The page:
Borders are the most interesting places. In terms of ecology, they’re always the most bio-diverse part of any ecosystem, in terms of politics – they’re the areas of most complexity, where entirely new ideas tend to form that represent a divergence from anything which came before; by synthesising new realities, with old ways, unable to survive the fickle transience of cities. They’re also bi-layers which facilitate transactions, between free and independent nodes.
The borders are also the peripheries, furthest from the ‘out of touch’ urban centres – they are therefore, both historically and in modern times, the areas most likely to be first to break-free from the bondage of a decaying establishment… in terms of the ethnocultural sphere, borders are the points-of-exchange, they define the semi-permeability of ideas, of models, ‘fluids’ and truths… indeed, of whole worlds. Borders are the surface tension of life! More borders, mean more life – more independent-complexity, more diversity and more beauty.
Mythologically speaking, they separate ‘our world’ from ‘the other’ – the world of the living, from the dead – of the wild from the tame, the safety of the settlement from the savagery of the wilderness. Borders are present everywhere in nature, from the smallest cells of your body, to the shores and rock-beds of the ocean, from the stratifications of the Earth’s stratosphere to the outer limits of milky way’s galactic plane. Borders are not a human concept, nor a product of the human mind, they are an observable referent and integral part of our biological, geological, electromagnetic and ethnocultural reality. They are a part of nature at the most fundamental level; and just as we are beginning to learn about the consequences of ignoring the Earth’s ecological boundaries and limitations, so to must we begin to understand, and develop a reverent appreciation for the Earth’s ethnocultural complexity, and the borders and bi-layers which hold it all together.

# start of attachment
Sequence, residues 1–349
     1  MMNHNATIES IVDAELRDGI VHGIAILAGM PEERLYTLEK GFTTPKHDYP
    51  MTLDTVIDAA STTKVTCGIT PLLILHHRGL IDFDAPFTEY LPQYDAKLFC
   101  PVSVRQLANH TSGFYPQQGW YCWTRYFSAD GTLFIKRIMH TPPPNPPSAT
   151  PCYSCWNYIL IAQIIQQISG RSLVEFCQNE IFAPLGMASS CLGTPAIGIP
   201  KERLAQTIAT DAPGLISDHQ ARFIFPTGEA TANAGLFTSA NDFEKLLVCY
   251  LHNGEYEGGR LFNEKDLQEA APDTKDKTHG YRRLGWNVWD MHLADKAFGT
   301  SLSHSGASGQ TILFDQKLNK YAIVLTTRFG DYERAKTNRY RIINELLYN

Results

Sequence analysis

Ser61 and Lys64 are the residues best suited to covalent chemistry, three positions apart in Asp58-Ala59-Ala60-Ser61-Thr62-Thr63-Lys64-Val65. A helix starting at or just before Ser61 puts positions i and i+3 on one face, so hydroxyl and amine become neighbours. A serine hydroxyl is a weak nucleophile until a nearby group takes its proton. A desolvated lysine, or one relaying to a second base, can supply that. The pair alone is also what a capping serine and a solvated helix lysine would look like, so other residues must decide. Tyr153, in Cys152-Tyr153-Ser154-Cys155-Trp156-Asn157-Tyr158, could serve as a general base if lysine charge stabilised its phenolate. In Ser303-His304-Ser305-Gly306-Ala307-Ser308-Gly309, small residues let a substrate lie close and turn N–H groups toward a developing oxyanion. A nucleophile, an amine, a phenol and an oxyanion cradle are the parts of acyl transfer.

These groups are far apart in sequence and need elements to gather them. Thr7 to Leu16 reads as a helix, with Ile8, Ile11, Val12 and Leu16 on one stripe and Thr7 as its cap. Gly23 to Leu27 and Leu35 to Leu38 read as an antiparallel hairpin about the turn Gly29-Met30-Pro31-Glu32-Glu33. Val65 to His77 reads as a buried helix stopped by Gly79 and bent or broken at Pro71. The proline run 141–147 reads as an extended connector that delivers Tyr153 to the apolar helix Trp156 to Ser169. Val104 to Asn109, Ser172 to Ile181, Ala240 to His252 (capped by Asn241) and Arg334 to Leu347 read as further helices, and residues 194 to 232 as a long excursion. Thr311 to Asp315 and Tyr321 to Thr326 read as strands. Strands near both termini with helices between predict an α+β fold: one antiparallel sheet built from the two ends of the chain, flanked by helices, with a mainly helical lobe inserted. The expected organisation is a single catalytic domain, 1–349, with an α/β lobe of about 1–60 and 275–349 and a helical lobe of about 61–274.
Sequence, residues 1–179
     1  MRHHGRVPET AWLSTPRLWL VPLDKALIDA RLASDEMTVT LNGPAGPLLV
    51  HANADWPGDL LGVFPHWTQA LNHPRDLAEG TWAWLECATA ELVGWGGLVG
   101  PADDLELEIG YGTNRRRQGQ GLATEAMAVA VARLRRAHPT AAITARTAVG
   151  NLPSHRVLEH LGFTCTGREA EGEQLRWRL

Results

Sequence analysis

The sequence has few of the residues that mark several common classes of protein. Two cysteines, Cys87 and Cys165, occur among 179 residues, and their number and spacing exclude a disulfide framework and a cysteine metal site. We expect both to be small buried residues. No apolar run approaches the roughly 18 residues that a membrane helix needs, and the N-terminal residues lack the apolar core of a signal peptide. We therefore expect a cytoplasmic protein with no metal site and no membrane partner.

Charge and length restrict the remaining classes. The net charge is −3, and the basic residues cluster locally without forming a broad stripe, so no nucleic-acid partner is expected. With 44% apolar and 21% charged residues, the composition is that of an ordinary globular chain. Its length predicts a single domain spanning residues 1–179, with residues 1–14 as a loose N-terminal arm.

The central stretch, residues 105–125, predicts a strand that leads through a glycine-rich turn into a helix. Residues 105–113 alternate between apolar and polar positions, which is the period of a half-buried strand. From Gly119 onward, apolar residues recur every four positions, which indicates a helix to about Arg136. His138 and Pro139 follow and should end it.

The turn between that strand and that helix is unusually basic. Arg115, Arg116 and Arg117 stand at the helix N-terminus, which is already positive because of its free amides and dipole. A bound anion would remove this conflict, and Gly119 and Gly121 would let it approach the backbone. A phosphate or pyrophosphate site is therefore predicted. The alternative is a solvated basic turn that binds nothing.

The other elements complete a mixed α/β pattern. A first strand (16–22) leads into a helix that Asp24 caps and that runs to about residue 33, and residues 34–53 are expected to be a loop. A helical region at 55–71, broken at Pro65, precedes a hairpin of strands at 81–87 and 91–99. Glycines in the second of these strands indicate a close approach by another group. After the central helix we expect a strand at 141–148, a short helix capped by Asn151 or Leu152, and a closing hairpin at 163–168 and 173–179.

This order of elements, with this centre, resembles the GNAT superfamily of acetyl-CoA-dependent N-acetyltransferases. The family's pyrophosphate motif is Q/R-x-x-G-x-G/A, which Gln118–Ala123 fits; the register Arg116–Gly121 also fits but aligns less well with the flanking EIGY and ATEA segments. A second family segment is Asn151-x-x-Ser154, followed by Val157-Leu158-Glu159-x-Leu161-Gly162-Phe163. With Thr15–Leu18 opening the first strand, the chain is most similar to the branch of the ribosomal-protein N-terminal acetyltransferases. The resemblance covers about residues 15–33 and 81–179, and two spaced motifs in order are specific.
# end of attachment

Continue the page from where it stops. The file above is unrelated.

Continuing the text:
In the words of Pesr Waira of Velasco Tumino in Misak, Colombia…
“Territory, for me, is life itself.”
Source of quote: https://www.lifemosaic.net/eng/tol/benefits-of-territory/
Image is of a decorated horse skull, or ‘Mari’ which forms part of an ancient tradition kept by the Cymry (the Welsh), the photo was taken at the annual Chepstow Wassail and Mari Lwyd. Wassailing is an Anglo-Saxon tree-blessing tradition, of unknown origins, which has survived along the Welsh borders and is today undergoing a revival.